The Biden administration’s misuse of last year’s ill-conceived Bipartisan Safer Communities Act (BSCA) to threatening to withhold federal funding from elementary and secondary schools for their hunting or archery programs is drawing a strong rebuke from many in Congress.
As we recently reported, Biden’s Department of Education cited the BSCA, which the NRA strongly opposed, as the reason it announced a plan to withhold funding for school archery and hunting education programs. Since that announcement, some schools have reportedly canceled plans to include such programs.
Now, 19 Republican U.S. Senators, all of whom voted against the BSCA, have sent a letter to President Joe Biden (D) denouncing his administration’s “purposeful misinterpretation” of the law.
“We voted against the gun-control legislation,” stated the letter, which was penned by Sen. John Barrasso (R- Wyo.). “It is now clearer than ever that the Biden administration will use the bill to attack the constitutional rights of Americans. Hunting and archery are strongly connected to the traditions and heritage of America. This outrageous overreach is an attack on hunters and outdoor recreation that must be addressed.”
When the situation first came to light, many thought perhaps the withholding of funding was simply a mistake or a misreading of the legislation. But upon questioning, the Department of Education claimed in a statement that the BSCA blocked funding from the Elementary and Secondary Education Act (ESEA) of 1965, the primary source of federal aid for elementary and secondary education. As such, these schools may have to eliminate a program that has proven to help reduce accidents related to hunting, firearms and archery due to a lack of federal funding.
According to the senators who penned the letter, that is a decision schools shouldn’t have to make, given the importance of these programs to safety and to our nation’s hunting heritage.
“The Biden Administration’ purposeful misinterpretation of this gun-control bill is attempting to take away valuable programs from students across the country,” say the senators. “Hunter education and archery programs are beneficial to students both in rural and urban areas. We call on the Biden administration to immediately withdraw the guidance and support these essential programs.”
The crux of the problem seems to be that the BSCA included an amendment to an ESEA subsection that lists prohibited uses of federal school funding. According to Fox News, “That amendment prohibits ESEA funds from helping provide any person with a dangerous weapon or to provide ‘training in the use of a dangerous weapon.’”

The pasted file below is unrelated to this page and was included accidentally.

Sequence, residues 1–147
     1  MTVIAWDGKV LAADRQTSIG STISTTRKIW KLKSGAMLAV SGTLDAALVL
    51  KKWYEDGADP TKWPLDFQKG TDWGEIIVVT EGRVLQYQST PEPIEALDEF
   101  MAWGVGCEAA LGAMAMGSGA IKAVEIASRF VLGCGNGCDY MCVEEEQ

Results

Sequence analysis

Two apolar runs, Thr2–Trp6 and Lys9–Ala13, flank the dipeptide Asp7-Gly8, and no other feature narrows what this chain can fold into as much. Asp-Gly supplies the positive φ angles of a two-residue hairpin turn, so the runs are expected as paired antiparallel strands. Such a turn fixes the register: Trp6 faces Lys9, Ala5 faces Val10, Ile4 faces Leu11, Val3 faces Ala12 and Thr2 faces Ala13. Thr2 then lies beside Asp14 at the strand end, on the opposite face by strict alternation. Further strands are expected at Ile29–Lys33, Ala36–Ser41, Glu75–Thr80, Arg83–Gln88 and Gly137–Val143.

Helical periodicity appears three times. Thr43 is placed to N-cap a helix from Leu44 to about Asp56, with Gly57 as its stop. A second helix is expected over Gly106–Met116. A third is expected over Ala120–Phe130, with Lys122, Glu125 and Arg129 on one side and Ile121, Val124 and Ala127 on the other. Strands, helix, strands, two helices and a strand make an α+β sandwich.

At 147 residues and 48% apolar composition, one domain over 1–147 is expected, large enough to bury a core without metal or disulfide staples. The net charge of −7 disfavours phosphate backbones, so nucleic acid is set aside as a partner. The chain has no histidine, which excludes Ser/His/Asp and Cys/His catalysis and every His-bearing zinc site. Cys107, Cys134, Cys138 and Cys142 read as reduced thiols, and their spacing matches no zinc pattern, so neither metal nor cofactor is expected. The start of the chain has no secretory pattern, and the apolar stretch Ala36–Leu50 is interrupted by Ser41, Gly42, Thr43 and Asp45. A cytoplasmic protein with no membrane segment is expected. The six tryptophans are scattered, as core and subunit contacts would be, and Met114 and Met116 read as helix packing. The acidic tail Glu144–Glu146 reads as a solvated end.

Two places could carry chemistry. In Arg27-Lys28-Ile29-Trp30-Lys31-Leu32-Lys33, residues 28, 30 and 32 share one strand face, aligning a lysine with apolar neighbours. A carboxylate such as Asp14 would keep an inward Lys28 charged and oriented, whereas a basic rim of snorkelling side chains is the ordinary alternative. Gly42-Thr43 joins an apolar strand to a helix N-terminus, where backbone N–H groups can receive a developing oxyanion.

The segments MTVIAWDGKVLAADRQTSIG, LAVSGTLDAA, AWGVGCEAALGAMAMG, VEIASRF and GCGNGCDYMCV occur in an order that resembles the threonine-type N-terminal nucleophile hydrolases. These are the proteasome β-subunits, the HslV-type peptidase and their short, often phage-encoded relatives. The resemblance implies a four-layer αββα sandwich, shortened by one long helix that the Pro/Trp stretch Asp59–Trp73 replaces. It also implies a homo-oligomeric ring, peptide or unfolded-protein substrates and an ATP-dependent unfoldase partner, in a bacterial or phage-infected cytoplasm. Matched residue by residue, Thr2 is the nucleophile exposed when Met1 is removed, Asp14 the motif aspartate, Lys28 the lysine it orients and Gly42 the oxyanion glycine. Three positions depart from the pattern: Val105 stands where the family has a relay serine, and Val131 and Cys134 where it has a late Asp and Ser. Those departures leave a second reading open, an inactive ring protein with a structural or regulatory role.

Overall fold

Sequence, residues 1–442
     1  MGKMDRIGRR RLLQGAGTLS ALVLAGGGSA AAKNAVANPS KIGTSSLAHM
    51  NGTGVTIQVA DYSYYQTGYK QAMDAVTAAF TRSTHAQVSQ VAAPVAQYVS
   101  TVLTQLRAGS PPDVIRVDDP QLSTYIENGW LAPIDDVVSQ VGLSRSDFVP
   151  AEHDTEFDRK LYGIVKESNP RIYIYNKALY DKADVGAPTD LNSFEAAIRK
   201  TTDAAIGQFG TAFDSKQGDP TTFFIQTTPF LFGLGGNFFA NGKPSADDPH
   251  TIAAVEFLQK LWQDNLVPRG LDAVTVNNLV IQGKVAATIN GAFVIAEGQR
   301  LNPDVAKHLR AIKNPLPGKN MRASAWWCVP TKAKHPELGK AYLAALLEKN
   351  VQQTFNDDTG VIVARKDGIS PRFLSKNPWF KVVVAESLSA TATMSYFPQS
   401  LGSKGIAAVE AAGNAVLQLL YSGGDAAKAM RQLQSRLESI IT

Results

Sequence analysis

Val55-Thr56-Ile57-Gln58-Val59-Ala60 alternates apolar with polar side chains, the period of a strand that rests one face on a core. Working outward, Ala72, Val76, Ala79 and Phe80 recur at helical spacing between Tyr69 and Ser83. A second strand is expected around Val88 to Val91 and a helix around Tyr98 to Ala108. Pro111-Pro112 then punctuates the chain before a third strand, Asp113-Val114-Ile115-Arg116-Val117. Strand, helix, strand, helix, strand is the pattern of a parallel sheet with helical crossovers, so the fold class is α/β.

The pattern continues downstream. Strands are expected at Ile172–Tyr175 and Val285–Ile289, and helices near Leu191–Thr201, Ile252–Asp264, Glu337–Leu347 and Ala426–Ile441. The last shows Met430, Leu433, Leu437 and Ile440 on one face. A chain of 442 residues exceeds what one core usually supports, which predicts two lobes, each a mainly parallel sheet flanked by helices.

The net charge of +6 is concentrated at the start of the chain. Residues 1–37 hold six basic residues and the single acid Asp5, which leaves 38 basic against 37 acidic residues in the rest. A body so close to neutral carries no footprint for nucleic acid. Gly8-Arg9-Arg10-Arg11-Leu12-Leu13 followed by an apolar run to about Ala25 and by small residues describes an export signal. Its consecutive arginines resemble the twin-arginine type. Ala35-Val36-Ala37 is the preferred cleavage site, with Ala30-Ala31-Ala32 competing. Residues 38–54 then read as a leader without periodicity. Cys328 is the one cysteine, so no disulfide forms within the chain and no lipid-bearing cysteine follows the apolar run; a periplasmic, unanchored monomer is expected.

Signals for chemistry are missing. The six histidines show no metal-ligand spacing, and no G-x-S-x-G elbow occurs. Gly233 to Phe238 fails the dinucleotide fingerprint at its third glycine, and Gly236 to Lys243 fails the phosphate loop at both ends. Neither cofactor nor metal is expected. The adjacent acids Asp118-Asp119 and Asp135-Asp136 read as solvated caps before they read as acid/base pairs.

Even before the senators sent the letter to Biden, some Congressional Republicans who had supported the bill had already scolded the administration on the withholding of funds and quickly moved to seek a remedy. Sen. John Cornyn (R-Texas) and Sen. Thom Tillis (R-N.C.), who helped write the BSCA, sent a letter to Department of Education Secretary Miquel Cardona stating: “The Department mistakenly believes that the BSCA precludes funding these enrichment programs [hunter safety and archery]. Such an interpretation contradicts Congressional intent and the text of the BSCA.”
In addition to the protest from U.S. Senators to the Biden administration, 24 state attorneys general sent a letter to U.S. House and Senate leaders insisting that legislation be passed to clarify the issue and restore the funding. Even before that, House members were already working on the Protecting Hunting Heritage and Education Act, which would amend the 1965 ESEA to clarify that schools that train students “in archery, hunting or other shooting sports” are eligible for funding for those programs.
In the end, this strong effort to put a halt to the administration wrongly withholding funds to schools for hunting and archery programs wouldn’t be necessary if lawmakers had simply heeded the warnings of NRA’s Institute for Legislative Action. NRA-ILA warned that the measure could “be abused to restrict lawful gun purchases, infringe upon the rights of law-abiding Americans and use federal dollars to fund gun control measures being adopted by state and local politicians.”
As NRA-ILA also explained during the debate, the bill “leaves too much discretion in the hands of government officials and also contains undefined and overbroad provisions—inviting interference with our constitutional freedoms.”